Saturday, April 16, 2011

Hi, I'm Randy, and I read Stephen King

Pulp Fiction? At over 1100 pages?
It's weird, but whenever I tell somebody I'm reading a Stephen King novel, I always sort of feel like I need to apologize.  As though "Carrie" or "It" or "The Stand" were somehow beneath me as a reader, and that I should be aspiring for more.  

I think college is partially to blame, along with some kind of innate snobbishness on my own part.  I can't really remember where I got it, but somewhere along the way, I picked up the impression that King was for "them."  The unintellectual masses.  The proletariat.  And that, somehow, that was a bad thing.

But you know, there's a lot to be said for an author as prolific as King is, who delivers a new Best Seller time after time after time.  Maybe there's something to this "writing for the masses" thing, after all.

The fact is, Stephen King manages to to entice his "Constant Reader" time and time again because, frankly, he knows him so darn well.  He knows what his reader hates and fears; what turns him on and makes him mad.  He knows how to get under the reader's skin, to try on his bones and take his flesh for a ride.  I think King appeals to so many people because he not only writes situations that excite them, but fills his worlds with people they know.

I heard a critic say once that Stephen King writes like a layman -- as if that were a negative.  Actually, he doesn't.  King's work is deeply evocative and interesting.  He weaves multiple layers of realism, fantasy and menace, developing rich back stories for each of his characters.  He doesn't write like an every day guy, but he writes about them, and does it well.  King's characters aren't Shakespearesque archetypes.  They shave, scratch, fart and cuss -- and darned if they don't just make the stories that much richer and more harrowing because of it.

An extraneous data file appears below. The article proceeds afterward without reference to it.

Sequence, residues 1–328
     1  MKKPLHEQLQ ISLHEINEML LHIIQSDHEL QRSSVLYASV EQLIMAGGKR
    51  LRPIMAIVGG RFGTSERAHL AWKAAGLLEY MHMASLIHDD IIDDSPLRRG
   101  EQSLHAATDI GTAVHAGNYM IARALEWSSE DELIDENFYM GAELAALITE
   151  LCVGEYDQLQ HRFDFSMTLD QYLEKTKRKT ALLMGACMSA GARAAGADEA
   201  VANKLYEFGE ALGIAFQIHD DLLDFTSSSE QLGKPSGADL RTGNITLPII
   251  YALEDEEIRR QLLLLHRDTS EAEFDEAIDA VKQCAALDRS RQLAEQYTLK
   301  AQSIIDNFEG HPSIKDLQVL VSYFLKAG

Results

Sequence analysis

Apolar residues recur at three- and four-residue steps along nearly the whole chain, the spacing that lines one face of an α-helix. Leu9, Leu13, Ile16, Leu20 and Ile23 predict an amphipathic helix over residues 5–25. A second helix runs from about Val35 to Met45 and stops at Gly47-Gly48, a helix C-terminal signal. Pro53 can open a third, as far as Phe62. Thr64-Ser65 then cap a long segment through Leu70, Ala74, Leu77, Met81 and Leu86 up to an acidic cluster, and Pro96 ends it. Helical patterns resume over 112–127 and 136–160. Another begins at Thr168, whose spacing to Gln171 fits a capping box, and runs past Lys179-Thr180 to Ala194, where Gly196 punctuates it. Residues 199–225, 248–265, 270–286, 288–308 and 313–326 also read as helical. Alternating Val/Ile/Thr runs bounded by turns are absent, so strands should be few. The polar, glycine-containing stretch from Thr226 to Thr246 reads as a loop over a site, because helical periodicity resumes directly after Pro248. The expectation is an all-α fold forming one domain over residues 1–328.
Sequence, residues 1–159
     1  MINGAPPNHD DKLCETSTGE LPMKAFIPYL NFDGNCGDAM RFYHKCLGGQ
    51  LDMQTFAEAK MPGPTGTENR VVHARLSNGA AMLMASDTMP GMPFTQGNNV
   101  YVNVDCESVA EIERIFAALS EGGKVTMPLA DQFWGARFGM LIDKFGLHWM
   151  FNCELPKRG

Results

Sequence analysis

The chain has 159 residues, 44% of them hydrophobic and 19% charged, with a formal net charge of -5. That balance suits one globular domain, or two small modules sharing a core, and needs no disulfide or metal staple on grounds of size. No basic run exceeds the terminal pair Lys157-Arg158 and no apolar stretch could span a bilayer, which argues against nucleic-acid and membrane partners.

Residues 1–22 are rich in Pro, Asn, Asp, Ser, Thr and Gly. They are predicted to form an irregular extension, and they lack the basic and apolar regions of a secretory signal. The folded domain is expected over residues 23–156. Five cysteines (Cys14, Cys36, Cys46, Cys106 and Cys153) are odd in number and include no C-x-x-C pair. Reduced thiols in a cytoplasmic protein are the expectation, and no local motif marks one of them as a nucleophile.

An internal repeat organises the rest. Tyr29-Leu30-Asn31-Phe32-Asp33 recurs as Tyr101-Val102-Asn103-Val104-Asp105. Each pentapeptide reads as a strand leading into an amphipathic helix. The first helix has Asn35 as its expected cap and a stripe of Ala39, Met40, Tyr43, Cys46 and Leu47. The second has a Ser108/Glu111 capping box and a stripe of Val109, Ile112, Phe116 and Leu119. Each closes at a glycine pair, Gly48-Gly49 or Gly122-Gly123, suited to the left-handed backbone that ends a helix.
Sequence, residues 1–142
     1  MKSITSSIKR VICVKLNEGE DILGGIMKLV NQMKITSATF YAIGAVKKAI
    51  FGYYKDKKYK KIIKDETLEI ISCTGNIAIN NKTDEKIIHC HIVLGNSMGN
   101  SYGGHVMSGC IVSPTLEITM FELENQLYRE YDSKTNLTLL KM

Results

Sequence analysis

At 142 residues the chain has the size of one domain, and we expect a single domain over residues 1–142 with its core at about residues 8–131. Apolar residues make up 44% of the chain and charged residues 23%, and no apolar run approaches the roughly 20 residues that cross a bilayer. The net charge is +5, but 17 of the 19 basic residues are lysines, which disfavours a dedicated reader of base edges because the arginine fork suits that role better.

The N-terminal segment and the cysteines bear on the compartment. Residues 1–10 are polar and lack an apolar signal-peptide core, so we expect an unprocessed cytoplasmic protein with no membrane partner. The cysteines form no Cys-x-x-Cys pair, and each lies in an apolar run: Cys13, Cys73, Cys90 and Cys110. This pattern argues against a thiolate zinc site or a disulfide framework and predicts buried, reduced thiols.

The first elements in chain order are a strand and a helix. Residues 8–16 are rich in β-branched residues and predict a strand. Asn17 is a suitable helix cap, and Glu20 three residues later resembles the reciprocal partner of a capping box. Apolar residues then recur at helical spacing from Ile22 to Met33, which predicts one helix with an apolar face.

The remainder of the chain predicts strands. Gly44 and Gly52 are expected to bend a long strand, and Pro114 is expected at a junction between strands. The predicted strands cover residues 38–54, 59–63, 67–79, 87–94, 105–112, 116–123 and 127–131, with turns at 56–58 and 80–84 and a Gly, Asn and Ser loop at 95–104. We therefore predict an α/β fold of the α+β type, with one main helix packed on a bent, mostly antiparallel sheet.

I know what people say I should like.  That there are award-winners and people on Oprah's list, and required reading in the Great Halls Of Learning.  But the truth is, I read Stephen King because I like his stories.  He doesn't bore me.  And more than that, because King writes his characters -- and their stories -- in a way to which many writers could only aspire.

1 comment:

  1. You are not alone :).

    I refused to read King for a long time--judging the book by the movie, I'm embarrassed to say--and I wish I hadn't been so snobbish about it. I missed out on some great fiction over the years, and now I'm playing catch-up. I started with Duma Key when my book club picked it, then read Lisey's Story (which is one of my favorite books ever now), and have since gone back and started reading his older works.

    You have it right--he doesn't write "like" a layman, he writes about laymen. He writes stories about and for real people. And he does so with depth, no matter what the snobby critics say!